The Church in Ireland is Still Present
After going on pilgrimage in Ireland last month, Southern Cross editor GÜNTHER SIMMERMACHER found a diminished but still present Church.
The scene: a pub in Dublin’s Nassau Street, near Holy Trinity College and Grafton Street, on a Saturday afternoon.
The Southern Cross pilgrims to Ireland, led by Bishop Victor Phalana, had a couple of hours of free time after seeing the Book of Kells. For my part, it was a good time to research Dublin’s beer culture.
As I ordered a stout from the hip young barman, I noticed that three of the pub’s four television screens were tuned to a live transmission of Pope Francis’ meeting with couples in the pro-cathedral (where our group had had its inaugural pilgrimage Mass six days earlier).
The other screen showed the Arsenal vs West Ham match, but the sound was set to the pope. It seemed the normal thing to do.
I found that remarkable: having a beer in a modern pub, watching the pope live on TV. It seems that the Church in Ireland has not disappeared. People might have left the Church and the practice of the faith in droves, and even be ill-disposed towards it, but the Church still has a presence in public life.
Of course, the first papal visit in almost 40 years concentrated minds. Although Pope Francis came for the World Meeting of Families, the whole trip was overshadowed by the sex abuse scandal.
TV programmes and newspaper column inches were dominated by the scandal. Often the rhetoric went beyond critique to assume anti-Catholic characteristics.
There was a lot of anger, and a lot of expectation that the pope would say or do something which might bring satisfaction. But it seemed clear that no words and no symbolic acts can ever accomplish that.
The Church’s decline
If we had arrived in Ireland with ideas of seeing soutaned parish priests and bewimpled nuns roaming the streets, we were soon disabused of such romantic notions.
Earlier we had visited the Benedictine Glenstal Abbey near Limerick, housed in a previously private mansion. Part of our rewarding visit was a presentation and very frank conversation with one of the monks there, Br Colmán Ó Clabaigh.
Br Colmán filled us in on the discouraging figures of vocations to the priesthood and religious life. The seminaries and novitiates are empty — and the average age of active priests is nearing 70. At the current rate, Ireland will have only 114 active priests by 2030.
Where once there was such a surplus of vocations that Ireland could export missionaries to evangelise the world, including our Southern African region, ordinations are so rare now that when one occurs, it invariably makes front-page news in the venerable national Catholic weekly, The Irish Catholic.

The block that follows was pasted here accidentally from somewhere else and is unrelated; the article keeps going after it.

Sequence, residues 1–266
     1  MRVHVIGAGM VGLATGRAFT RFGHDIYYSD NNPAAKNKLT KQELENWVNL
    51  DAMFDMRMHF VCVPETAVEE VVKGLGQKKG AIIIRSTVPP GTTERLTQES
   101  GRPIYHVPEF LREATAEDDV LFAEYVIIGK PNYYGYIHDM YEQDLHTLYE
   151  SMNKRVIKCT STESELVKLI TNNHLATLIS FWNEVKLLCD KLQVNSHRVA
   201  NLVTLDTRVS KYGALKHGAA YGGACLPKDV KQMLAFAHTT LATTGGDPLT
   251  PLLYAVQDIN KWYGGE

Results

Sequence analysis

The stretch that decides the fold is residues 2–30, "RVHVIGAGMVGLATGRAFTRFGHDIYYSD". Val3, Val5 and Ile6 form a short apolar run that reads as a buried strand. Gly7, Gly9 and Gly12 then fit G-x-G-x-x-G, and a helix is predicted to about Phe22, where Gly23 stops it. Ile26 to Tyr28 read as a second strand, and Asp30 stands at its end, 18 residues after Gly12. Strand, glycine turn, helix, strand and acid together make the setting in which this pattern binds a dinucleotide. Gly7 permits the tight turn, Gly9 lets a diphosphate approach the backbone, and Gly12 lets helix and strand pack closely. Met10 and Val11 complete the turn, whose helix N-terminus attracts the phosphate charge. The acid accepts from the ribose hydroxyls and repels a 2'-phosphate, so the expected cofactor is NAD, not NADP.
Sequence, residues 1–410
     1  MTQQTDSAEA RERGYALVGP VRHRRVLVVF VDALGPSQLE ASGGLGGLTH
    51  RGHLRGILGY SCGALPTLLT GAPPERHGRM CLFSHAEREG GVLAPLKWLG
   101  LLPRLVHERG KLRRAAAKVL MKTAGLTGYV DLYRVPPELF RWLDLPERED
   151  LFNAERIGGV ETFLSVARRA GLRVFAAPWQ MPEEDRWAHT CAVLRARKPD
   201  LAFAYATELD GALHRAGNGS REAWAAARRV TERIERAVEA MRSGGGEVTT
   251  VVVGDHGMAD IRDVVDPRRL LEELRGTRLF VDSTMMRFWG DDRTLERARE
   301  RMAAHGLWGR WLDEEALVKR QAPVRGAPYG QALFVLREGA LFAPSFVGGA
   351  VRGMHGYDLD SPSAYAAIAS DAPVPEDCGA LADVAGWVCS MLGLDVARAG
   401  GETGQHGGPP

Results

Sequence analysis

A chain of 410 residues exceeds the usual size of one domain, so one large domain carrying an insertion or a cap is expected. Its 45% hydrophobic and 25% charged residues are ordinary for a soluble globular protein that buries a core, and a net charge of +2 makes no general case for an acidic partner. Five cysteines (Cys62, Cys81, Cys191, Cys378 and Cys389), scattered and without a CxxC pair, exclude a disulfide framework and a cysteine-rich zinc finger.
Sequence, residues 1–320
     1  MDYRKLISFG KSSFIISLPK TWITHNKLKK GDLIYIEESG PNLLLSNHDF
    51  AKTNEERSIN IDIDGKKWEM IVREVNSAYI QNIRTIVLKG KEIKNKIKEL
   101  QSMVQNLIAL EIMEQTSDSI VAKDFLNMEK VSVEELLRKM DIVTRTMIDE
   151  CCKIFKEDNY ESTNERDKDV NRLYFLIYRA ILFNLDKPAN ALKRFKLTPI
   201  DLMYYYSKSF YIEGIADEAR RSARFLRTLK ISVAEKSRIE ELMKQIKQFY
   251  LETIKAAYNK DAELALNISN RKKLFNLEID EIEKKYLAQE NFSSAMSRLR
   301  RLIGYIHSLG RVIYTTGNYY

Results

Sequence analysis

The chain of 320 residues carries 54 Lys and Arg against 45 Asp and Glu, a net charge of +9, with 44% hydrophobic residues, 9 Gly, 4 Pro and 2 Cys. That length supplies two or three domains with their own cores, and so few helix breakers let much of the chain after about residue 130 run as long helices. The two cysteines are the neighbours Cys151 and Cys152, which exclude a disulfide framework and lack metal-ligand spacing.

The figures of practising Catholics is diminishing sharply, too. In the last census, the number of Ireland’s inhabitants who identified as Catholics dropped to 72%. In the 1960s, it was 94%.
Br Colmán pointed out that the figure of Irish Catholics who attend Mass every week stands at 38%. That’s a quite good number in the European context but an alarming decline in Ireland, where in 1989 the number of weekly Mass-goers was 87%, and in 2006 still 56%.
The joke question is whether Ireland will run out first of priests or of faithful. Clearly, the priesthood is diminishing at a faster rate.
And the identification of the people with the Catholic Church may yet rebound over generations, as the Church changes, old wounds heal, and the pervasive domination which the Church exercised over public life in the past is forgotten, and people look to return to Christ and tradition.
But by then, will there still be priests? That is a question which is exercising Ireland’s Church leaders. Already there are parishes run by priests from countries where the call to vocation is still being heard.
For example, in Kildare — named after the Church of Oak founded by St Bridget in the 5th century—we had Mass in the White Abbey, a historic church now run by Carmelites from India.
While we were in Ireland, a conference was held about the future of parishes there. Bishop Michael Wüstenberg, retired of Aliwal North, introduced the conference to South Africa’s experience of Small Christian Communities. The former missions are now teaching the former missionaries about how to be Church in the 21st century.
Mass with the pope
The decline in enthusiasm also found expression in the disappointing number of people who attended the papal Mass at Phoenix Park, the huge common in Dublin.
Where in 1979 about a million people came to have Mass with Pope John Paul II at the same venue, hopes for the first papal Mass in nearly 40 years was an attendance of 400000. In the event, only 130000 turned up (according to the police; the Vatican counted, with a healthy dollop of optimism, 300000).